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Polar bear habitat at center of Alaska drilling debate

One lawsuit aims to halt Wednesday's lease sales in the Chukchi Sea. Another would contest any listing of the polar bear as 'threatened.'

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"The bear currently receives regulatory protections even stricter than those available under the Endangered Species Act," MMS Director Randall Luthi wrote in a posting on his agency's website Friday. "No action is permitted that has more than a negligible impact on the bears. Should the bear be listed as a threatened species, all the [oil and gas] exploration and potential activities will only occur after meeting the regulatory requirements of that listing."

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Activists don't consider such assurances sufficient – not only regarding the eventual impact of climate change linked to greenhouse gases and fossil fuels but also more immediately with the dangers posed by oil and gas drilling in a marine environment.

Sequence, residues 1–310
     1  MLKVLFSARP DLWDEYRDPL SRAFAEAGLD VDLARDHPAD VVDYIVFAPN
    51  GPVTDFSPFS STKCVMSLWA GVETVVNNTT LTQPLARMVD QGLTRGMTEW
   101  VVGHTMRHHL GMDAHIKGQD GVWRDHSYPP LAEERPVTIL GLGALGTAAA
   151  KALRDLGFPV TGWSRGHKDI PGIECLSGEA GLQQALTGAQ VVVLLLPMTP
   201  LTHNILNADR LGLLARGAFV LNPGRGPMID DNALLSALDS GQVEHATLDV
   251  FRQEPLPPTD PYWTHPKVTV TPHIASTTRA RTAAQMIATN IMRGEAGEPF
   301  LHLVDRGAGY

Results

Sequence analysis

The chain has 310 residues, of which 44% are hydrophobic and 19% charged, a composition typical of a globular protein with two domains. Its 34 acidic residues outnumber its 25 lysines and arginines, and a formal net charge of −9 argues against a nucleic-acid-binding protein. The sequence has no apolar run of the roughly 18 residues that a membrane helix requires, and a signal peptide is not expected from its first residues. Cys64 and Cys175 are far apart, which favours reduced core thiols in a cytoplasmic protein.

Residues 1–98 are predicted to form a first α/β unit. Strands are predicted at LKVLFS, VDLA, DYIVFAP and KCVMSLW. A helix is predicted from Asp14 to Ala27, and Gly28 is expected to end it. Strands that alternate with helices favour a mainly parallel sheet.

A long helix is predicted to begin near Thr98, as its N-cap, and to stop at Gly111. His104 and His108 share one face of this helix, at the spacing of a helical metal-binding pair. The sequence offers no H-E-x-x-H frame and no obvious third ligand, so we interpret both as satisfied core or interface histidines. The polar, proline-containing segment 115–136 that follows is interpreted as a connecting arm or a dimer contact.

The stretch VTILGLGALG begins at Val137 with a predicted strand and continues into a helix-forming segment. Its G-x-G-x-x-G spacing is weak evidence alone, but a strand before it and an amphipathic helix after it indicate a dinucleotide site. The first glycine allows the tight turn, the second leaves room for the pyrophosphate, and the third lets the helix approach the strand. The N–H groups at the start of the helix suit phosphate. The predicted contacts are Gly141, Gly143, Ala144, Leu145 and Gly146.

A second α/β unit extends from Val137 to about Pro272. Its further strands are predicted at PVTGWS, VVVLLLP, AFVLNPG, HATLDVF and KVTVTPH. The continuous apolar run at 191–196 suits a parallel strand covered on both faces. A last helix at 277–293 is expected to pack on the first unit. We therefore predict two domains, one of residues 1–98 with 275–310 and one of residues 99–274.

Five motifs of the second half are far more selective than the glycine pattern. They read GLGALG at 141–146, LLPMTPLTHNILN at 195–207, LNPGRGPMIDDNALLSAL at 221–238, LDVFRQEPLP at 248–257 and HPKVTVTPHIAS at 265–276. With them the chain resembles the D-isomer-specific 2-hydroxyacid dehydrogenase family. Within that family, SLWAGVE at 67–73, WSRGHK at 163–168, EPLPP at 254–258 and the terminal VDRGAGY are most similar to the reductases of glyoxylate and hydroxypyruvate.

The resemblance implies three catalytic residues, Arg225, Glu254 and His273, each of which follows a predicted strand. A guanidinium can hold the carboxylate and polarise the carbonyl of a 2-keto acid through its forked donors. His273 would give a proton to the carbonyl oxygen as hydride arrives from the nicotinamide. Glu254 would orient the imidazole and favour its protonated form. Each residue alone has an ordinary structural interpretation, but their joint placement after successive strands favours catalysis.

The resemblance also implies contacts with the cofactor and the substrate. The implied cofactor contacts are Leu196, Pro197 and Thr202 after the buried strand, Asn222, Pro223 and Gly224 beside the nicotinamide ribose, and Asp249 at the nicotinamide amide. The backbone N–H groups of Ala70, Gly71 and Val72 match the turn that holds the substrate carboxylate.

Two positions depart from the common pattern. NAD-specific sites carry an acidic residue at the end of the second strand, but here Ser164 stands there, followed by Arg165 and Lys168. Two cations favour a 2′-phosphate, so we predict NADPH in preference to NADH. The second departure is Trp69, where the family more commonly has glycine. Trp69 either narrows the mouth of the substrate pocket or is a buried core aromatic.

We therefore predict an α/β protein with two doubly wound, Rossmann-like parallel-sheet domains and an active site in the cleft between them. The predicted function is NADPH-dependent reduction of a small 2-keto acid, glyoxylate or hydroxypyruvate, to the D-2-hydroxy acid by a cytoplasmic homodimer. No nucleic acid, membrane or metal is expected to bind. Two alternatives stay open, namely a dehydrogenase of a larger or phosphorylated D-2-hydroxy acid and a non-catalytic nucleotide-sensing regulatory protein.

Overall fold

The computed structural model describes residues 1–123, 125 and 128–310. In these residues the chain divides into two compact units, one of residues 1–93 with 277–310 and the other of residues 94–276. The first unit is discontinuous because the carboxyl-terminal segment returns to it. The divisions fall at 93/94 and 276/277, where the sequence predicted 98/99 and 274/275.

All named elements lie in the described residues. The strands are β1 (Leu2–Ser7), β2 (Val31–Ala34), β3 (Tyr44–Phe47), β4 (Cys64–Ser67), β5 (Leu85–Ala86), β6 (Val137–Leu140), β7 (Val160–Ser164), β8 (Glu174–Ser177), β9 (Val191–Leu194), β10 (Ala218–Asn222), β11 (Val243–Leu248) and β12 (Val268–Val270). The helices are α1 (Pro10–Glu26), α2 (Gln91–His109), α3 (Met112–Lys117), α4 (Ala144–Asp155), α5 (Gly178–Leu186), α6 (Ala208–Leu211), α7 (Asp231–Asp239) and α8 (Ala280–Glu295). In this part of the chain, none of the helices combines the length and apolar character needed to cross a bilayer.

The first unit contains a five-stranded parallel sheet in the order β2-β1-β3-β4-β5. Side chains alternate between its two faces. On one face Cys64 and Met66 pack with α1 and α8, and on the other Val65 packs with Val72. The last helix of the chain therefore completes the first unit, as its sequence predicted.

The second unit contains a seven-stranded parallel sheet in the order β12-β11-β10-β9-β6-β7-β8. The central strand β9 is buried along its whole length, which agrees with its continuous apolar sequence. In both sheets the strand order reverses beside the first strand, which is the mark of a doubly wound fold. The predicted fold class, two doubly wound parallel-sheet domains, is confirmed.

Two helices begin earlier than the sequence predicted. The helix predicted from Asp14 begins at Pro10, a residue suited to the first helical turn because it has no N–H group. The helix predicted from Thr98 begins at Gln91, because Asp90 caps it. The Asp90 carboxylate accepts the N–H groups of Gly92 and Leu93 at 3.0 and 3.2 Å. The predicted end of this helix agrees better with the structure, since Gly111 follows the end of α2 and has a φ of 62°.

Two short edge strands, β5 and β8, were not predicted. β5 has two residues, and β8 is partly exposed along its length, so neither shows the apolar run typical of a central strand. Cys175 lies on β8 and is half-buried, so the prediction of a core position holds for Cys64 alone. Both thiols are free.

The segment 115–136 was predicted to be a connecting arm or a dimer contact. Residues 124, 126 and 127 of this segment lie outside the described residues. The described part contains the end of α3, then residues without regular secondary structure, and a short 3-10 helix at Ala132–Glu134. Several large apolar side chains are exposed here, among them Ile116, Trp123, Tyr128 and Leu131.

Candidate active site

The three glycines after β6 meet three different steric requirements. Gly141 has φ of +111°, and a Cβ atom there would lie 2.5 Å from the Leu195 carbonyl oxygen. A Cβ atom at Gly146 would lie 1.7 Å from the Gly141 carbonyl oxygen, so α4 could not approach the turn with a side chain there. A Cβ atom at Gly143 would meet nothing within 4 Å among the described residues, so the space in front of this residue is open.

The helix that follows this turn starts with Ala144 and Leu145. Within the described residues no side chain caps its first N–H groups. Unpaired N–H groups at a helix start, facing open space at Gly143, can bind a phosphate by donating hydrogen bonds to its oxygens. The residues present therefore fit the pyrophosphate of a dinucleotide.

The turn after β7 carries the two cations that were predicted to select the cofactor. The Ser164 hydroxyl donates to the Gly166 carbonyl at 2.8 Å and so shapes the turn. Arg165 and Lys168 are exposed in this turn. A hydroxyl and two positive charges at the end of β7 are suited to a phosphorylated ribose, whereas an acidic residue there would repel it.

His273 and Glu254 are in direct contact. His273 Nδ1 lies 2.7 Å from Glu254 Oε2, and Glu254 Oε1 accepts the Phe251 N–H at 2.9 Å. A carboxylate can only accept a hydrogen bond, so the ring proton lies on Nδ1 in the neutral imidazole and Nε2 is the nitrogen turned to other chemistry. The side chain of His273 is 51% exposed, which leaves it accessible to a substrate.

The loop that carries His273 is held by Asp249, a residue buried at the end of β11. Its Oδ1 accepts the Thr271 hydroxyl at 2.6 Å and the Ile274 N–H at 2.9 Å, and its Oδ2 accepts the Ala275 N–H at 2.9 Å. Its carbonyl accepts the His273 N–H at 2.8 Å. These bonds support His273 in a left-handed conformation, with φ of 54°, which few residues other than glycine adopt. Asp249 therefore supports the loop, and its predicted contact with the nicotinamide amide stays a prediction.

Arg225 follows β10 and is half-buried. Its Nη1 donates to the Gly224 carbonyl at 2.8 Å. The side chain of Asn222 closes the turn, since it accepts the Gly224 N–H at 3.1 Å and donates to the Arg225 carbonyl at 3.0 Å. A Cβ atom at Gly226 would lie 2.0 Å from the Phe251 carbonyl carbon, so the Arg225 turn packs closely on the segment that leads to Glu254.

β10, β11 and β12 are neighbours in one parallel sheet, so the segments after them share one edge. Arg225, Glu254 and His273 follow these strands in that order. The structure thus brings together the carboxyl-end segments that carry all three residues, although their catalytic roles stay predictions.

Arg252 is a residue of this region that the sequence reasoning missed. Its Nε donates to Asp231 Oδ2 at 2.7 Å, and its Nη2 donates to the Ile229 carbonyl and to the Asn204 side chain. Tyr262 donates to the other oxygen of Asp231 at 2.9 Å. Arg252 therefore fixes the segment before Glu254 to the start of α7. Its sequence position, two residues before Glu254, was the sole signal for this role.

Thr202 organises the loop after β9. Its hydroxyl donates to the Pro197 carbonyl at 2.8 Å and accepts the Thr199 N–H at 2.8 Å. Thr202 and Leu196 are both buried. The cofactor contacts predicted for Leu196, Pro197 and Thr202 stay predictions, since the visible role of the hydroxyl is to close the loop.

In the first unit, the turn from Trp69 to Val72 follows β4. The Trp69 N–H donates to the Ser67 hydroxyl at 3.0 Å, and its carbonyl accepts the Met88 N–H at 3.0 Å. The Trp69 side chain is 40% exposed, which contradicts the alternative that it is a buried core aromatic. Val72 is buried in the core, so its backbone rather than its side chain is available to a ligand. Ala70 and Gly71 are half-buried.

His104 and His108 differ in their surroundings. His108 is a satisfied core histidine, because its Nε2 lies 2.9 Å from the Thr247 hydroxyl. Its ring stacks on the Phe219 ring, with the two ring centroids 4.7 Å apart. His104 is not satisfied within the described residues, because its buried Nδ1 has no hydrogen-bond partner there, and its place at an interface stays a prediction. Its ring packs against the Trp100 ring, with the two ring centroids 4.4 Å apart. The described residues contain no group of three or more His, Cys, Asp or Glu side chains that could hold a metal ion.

"The MMS has admitted a substantial likelihood of oil spills in the Chukchi Sea," says Kristen Miller, legislative director for Alaska Wilderness League, one of the groups suing to stop new drilling there. "There is no proven method to clean up an oil spill in the Arctic's broken sea ice, or even to reliably clean up a spill in open water."

The situation there puts the US Interior Department in the unusual position of considering protection for a species while at the same time offering industrial activity in that species' habitat.

Critics see this as a conflict of interest, especially because the decision on listing polar bears under the ESA by the Interior Department's Fish & Wildlife Service was delayed until the lease sale offering was to be made this week.

Public Employees for Environmental Responsibility (PEER), a government whistleblower organization, recently released internal government e-mails allegedly showing how MMS officials ignored the urgings of agency scientists in pressing for new oil and gas exploration in the Chukchi Sea.

"I do not see how the MMS can pass the 'red face' test ... when polar bear issues which have been raised have been repeatedly and completely ignored by both [oil company] Shell and MMS," former agency biologist James Wilder wrote in one e-mail from January 2007.

Congress is also debating the issue.

In the Senate last week, John Kerry (D) of Massachusetts introduced legislation prohibiting any new drilling activity in the Beaufort and Chukchi Seas until the polar bear is listed under the Endangered Species Act and critical habitat is designated.

"Before the government sells even more of their habitat off to big corporate interests, we need to know the full impact of further drilling, and we need to know whether this would push us past the tipping point and devastate the polar bear habitat," Senator Kerry said.